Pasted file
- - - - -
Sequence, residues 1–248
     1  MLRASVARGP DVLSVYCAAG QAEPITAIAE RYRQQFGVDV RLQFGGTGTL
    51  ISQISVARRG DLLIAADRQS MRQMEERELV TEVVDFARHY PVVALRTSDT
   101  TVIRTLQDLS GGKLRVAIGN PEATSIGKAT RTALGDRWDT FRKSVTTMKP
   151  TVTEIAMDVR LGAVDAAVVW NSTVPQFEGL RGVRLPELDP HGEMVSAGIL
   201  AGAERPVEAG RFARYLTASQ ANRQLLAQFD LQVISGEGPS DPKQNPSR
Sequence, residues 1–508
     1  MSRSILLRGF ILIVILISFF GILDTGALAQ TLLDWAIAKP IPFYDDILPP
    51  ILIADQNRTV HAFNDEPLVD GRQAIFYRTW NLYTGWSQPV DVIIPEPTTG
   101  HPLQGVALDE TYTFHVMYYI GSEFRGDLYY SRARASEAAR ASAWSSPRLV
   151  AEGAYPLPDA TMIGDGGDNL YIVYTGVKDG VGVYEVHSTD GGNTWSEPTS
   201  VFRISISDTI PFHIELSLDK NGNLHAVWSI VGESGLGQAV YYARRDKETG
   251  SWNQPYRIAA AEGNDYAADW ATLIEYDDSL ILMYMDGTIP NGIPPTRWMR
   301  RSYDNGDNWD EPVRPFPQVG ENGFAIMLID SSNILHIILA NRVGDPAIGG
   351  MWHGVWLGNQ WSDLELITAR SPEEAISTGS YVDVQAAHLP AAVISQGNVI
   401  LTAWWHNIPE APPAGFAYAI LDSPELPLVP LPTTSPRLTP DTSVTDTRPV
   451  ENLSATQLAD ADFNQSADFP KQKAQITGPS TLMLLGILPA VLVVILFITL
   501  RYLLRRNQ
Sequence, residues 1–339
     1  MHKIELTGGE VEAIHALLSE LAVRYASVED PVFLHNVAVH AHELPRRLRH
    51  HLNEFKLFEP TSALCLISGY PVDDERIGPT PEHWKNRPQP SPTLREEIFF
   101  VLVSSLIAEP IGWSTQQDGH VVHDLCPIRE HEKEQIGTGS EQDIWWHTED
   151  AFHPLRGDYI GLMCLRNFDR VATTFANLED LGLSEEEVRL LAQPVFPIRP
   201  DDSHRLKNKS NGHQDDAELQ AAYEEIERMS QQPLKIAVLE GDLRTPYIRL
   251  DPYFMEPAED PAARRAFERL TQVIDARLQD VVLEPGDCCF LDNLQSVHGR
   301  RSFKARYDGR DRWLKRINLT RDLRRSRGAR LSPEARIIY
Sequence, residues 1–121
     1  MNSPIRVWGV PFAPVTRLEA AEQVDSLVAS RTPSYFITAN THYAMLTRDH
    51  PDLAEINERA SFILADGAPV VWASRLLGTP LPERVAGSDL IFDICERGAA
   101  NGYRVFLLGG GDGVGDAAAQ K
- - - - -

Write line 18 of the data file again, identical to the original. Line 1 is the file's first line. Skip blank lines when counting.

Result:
   501  RYLLRRNQ